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For enhanced safety, the front seat shoulder belts of the Acura RDX are height-adjustable to accommodate a wide variety of driver and passenger heights. A better fit can prevent injuries and the increased comfort also encourages passengers to buckle up. The BMW X1 doesn’t offer height-adjustable seat belts.
The Insurance Institute for Highway Safety tests front crash prevention systems. With a score of 6 points, IIHS rates the Collision Mitigating Braking System in the RDX as “Superior.” The X1 scores at most only 4 points and is rated only “Advanced.”
The RDX Advance has a standard Surround-View Camera System to allow the driver to see objects all around the vehicle on a screen. The X1 only offers a rear monitor and front and rear parking sensors that beep or flash a light. That doesn’t help with obstacles to the sides.
The RDX’s optional blind spot warning system uses digital cameras monitored by computer to alert the driver to moving objects in the vehicle’s blind spots where the side view mirrors don’t reveal them. The X1 doesn’t offer a system to reveal objects in the driver’s blind spots.
To help make backing safer, the RDX’s optional cross-path warning system uses wide-angle radar in the rear bumper to alert the driver to vehicles approaching from the side, helping the driver avoid collisions. The X1 doesn’t offer a cross-path warning system.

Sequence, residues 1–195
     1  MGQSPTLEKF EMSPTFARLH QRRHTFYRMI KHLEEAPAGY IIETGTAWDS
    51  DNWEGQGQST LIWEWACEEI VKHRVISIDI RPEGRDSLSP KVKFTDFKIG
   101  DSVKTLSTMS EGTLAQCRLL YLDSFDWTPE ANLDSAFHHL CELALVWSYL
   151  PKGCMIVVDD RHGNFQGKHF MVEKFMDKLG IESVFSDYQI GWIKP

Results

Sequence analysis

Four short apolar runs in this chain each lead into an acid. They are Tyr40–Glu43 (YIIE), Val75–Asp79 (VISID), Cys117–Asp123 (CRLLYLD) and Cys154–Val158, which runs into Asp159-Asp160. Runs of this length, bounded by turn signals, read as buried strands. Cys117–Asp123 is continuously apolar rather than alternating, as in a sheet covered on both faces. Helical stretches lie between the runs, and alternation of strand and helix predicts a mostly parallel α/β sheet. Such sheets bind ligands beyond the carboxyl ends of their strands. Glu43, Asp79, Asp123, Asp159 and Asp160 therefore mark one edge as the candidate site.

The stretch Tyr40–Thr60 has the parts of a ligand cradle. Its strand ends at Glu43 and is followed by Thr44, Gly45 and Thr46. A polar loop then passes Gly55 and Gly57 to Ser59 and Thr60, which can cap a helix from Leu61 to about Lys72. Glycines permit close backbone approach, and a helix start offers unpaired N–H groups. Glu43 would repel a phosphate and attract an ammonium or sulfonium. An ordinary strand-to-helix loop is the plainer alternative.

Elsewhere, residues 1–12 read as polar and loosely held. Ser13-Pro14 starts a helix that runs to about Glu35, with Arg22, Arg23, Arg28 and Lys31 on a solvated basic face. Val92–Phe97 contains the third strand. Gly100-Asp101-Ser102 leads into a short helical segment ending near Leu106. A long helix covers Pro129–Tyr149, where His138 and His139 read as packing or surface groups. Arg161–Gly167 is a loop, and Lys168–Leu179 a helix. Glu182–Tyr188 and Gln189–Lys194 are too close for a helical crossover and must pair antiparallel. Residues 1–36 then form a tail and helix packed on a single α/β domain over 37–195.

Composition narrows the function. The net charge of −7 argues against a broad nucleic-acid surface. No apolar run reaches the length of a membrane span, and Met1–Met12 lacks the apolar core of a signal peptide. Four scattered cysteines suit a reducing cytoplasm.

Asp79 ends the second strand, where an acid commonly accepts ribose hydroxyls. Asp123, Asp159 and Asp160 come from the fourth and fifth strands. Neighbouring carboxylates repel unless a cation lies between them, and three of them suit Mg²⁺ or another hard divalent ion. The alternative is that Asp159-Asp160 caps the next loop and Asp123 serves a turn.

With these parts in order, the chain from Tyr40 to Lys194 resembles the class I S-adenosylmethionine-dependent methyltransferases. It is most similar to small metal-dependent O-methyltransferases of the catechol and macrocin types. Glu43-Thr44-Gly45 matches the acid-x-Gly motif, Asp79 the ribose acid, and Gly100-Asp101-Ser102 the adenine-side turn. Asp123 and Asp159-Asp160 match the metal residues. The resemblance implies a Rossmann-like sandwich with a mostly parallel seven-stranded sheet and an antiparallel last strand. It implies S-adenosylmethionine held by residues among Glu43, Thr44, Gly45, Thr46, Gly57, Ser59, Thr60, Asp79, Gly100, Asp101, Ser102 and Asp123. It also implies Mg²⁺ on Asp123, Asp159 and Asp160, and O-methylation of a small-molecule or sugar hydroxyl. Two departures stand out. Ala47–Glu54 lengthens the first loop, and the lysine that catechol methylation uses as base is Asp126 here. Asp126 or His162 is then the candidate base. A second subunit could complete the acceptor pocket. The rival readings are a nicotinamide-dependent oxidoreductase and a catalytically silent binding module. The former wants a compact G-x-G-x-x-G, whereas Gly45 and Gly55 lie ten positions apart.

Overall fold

Both the RDX and the X1 have standard driver and passenger frontal airbags, front side-impact airbags, driver and front passenger knee airbags, side-impact head airbags, front seatbelt pretensioners, front wheel drive, plastic fuel tanks, four-wheel antilock brakes, traction control, electronic stability systems to prevent skidding, crash mitigating brakes, daytime running lights, lane departure warning systems, rearview cameras and available all wheel drive.
For its top level performance in IIHS driver and passenger-side small overlap frontal, moderate overlap frontal, side impact, roof strength and head restraint tests, its standard front crash prevention system, and its headlight’s “Good” rating, the Insurance Institute for Highway Safety grants the RDX its highest rating: “Top Pick Plus” for 2019, a rating granted to only 36 vehicles tested by the IIHS. The X1 was last qualified as only a standard “Top Pick” in 2017.
Acura’s powertrain warranty covers the RDX 2 years and 20,000 miles longer than BMW covers the X1. Any repair needed on the engine, transmission, axles, joints or driveshafts is fully covered for 6 years or 70,000 miles. Coverage on the X1 ends after only 4 years or 50,000 miles.
The RDX’s 2.0 turbo 4 cyl. produces 44 more horsepower (272 vs. 228) and 22 lbs.-ft. more torque (280 vs. 258) than the X1’s 2.0 turbo 4 cyl.
As tested in Motor Trend the Acura RDX is faster than the BMW X1:
Zero to 60 MPH
Speed in 1/4 Mile